The 7th day of the 7th month is marked in Japan as Tanabata, the only day of the year when star-crossed lovers, Orihime and Hikoboshi, who are separated by the Milky Way, can meet. Legend has it that Orihime was a weaver of wondrous cloth. Her father Tentei was very proud of this skill of his daughter’s. Orihime met and married Hikoboshi, a cowherd. Once married, the much-in-love couple were so lost in each other that she would no longer weave cloth and he allowed his cows to stray all over Heaven. In anger, Tentei separated the two lovers and only after a lot of pleading did he allow them to meet on this one day—the 7th of July. (The lovers are represented by the stars Vega and Altair).
So Tanabata is in a way the Day of Star-crossed lovers.
Speaking of such lovers, my favourite pair has to be Ambikapati-Amaravathi. Lesser known that Laila-Manju or Sohni-Mahiwal (no surprise there, the story is from South India!), I think it is beautiful and tragic and poetical in equal measure.
The story goes back to the early 12th century and to the court of King Kulothunga Chola I. The king had a beautiful, intelligent, talented daughter by the name of Amaravathi. Kambar, the revered Tamil poet graced the court of this Chola king. The King asked Kambar to teach his daughter poetry, which he used to do.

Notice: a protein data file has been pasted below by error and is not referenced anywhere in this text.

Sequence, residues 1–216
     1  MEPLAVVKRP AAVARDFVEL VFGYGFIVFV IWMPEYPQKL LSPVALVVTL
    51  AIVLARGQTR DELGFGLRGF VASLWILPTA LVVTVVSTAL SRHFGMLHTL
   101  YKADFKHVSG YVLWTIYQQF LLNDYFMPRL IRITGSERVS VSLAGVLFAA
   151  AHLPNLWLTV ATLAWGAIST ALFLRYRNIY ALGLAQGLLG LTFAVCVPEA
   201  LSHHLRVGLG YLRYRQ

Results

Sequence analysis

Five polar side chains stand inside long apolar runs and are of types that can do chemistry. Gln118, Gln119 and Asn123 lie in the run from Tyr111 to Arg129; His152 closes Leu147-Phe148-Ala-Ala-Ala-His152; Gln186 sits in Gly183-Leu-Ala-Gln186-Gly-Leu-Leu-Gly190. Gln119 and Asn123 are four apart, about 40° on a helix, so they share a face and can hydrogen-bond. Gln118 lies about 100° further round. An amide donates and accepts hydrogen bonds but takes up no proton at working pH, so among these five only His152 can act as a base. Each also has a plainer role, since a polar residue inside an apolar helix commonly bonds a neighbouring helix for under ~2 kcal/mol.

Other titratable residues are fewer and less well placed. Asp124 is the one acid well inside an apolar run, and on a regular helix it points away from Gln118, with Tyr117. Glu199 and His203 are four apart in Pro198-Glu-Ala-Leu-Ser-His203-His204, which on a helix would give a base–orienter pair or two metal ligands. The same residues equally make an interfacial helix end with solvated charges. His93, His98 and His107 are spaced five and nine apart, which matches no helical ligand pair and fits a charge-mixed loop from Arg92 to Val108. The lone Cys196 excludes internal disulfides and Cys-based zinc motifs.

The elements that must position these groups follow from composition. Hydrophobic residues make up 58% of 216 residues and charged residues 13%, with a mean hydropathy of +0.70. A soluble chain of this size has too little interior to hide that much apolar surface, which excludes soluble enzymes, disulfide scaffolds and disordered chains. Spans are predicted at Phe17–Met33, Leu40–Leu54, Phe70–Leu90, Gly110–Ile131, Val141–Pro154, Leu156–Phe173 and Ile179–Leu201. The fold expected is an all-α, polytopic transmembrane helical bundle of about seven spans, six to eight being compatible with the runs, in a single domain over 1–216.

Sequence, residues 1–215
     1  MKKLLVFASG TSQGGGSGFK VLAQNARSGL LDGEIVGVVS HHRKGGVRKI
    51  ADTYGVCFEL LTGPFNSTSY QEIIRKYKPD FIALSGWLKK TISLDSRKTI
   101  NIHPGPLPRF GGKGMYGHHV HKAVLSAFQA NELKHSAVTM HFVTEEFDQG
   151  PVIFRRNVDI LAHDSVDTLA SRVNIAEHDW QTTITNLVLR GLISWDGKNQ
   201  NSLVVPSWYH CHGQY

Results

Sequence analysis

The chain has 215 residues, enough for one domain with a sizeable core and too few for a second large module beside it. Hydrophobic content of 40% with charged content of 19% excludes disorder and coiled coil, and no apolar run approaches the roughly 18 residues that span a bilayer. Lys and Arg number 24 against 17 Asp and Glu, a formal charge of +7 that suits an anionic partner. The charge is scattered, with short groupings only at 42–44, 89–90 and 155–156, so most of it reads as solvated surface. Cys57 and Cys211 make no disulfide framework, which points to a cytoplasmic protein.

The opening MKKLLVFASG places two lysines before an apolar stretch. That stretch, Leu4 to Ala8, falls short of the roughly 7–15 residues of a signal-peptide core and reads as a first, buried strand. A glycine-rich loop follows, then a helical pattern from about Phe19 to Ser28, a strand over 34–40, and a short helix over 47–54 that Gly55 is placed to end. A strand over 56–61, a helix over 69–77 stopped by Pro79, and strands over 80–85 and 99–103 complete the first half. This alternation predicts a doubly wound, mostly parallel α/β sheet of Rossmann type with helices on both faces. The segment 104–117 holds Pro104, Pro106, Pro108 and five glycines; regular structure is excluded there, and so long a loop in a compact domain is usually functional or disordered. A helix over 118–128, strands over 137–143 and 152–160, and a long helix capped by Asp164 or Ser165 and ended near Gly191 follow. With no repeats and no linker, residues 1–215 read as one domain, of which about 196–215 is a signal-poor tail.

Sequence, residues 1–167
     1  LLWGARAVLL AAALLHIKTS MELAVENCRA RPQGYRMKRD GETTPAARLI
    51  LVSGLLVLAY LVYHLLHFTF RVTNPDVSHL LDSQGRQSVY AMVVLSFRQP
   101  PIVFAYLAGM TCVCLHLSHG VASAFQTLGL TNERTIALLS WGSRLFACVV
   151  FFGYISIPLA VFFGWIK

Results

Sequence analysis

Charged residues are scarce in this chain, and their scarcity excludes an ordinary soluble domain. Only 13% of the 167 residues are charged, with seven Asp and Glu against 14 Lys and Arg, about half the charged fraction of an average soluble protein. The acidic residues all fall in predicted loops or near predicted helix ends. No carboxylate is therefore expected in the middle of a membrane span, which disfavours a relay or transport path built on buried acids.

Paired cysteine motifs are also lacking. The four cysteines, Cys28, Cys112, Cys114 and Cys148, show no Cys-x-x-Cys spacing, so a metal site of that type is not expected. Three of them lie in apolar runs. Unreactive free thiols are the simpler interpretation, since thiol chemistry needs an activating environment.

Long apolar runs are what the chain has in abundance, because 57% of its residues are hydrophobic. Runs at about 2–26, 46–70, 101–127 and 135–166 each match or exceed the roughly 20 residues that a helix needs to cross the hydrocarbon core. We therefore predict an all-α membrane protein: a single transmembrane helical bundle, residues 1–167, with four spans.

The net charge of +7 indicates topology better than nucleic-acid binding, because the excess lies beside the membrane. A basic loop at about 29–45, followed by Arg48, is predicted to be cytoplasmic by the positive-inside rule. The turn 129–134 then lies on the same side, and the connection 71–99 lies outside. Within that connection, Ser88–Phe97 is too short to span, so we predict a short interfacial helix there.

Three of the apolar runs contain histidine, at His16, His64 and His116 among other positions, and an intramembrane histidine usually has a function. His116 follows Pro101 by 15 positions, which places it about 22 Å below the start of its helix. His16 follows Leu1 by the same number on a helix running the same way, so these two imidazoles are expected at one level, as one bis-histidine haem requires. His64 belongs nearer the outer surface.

Once, when Kambar had to travel, he deputed his young, handsome and very talented poet-son to teach the Princess in his stead.
And of course the inevitable happened, and they fell in love.
Which of course was not approved by the King.
And which of course became fodder for a number of court conspiracies and intrigues to discredit Kambar by discrediting his son. One way used to discredit Ambikapathy was to cast a slur on his abilities as a poet, saying he could only write odes to the beauty of women (aka Amaravathi), and not to the glory of God.
To cut a long and complex story short, the King wanted to punish the young poet. But the daughter refused to let him punish Ambikapathy alone for a misdeed in which she insisted she had an equal part to play.
So the King set Ambikapathy a challenge. He declared that if Ambikapathy could compose 100 verses to God and sing them in court, he would allow the couple to marry.
Ambikapathy and Amaravathi were very confident that this was an easy task. However, Ambikapathy told Amaravathi not to appear before him before he had completed singing the 100 verses, as her beauty would distract him, and he would start singing about her instead. Amaravathi agreed.
On the day of the challenge, Amaravathi positioned herself behind a curtain, out of sight of her lover. She had at her side two baskets. One was empty and the other had a hundred beautiful blossoms (I visualize them to be jasmine). The idea was that as Ambikapathy finished a verse, she would transfer one flower from the filled basket to the empty one. When the basket was empty, she would know that he had finished his 100 verses and she could appear before him.
And so it happened. Amaravathi opened the curtain when all the 100 flowers from one basket were transferred to the other. And he sang to her beauty.
Alas, Amaravathi had made a mistake. She had counted the traditional invocation to Goddess Sarawathi, the Goddess of Learning and Knowledge and Poetry, sung at the start any such event, as the first of Ambikapathy’s verses. So when she appeared before him, he had completed only 99, not 100 verses.
The unrelenting King had Ambikapathi killed. And Amaravathi died soon after of grief.
Alas, there is no 7th of July for Ambikapathy and Amaravathi!
Totally my favourite star-crossed lovers story!